New rules planned for colleges to track dating violence, domestic violence and stalking

The federal government is pushing colleges for the first time to make public a tally of reports of dating violence, domestic violence and stalking.

The Obama administration announced Thursday that proposed regulations will require colleges to compile and disclose statistics on such incidents to comply with a federal law enacted last year. A final version of the regulations is expected to be published on Nov. 1.

The Education Department “has the responsibility to ensure that our higher education institutions are creating safe environments for students and are appropriately reporting crimes that occur on or near their campuses,” Education Secretary Arne Duncan said in a statement. “These new rules strengthen schools’ capacity to provide safer college campuses for students and to keep everyone better informed about campus security policies and procedures.”

Currently, a federal law known as the Clery Act requires colleges to disclose data on reports of forcible sex offenses and other crimes. The proposed rules would expand on that disclosure requirement, adding dating violence, domestic violence and stalking to the specific offenses colleges must track. The proposal stems from changes made last year to the Violence Against Women Act.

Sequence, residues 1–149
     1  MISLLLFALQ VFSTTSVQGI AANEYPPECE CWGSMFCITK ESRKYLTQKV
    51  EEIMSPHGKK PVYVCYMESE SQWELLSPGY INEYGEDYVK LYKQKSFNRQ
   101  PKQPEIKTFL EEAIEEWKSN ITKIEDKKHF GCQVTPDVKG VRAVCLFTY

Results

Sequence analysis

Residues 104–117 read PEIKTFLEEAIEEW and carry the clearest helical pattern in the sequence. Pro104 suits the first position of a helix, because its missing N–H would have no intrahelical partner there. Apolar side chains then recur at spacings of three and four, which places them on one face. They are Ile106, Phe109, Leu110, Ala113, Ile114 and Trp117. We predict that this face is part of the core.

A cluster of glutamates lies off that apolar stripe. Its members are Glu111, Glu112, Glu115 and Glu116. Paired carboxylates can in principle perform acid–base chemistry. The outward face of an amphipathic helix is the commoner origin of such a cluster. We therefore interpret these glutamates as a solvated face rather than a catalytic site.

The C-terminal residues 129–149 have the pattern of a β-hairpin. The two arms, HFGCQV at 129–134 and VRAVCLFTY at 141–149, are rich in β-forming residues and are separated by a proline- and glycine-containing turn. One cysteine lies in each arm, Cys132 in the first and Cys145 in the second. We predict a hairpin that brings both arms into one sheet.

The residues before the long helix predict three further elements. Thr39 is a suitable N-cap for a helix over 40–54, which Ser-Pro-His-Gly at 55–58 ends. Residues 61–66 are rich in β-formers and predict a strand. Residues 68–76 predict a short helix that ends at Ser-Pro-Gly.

“When fully implemented, these rules will allow us to drag the issue of sexual assault on campus out of the shadows so that we can begin working constructively to address the problem,” Rep. Carolyn B. Maloney (D-N.Y.) said in a statement.

The proposed rules come as President Obama and other federal officials have raised the profile of campus security issues, pushing colleges across the country to take steps to prevent sexual violence.

A former Post education editor, Nick writes about college from the perspective of a father of three who will soon be buried in tuition bills.
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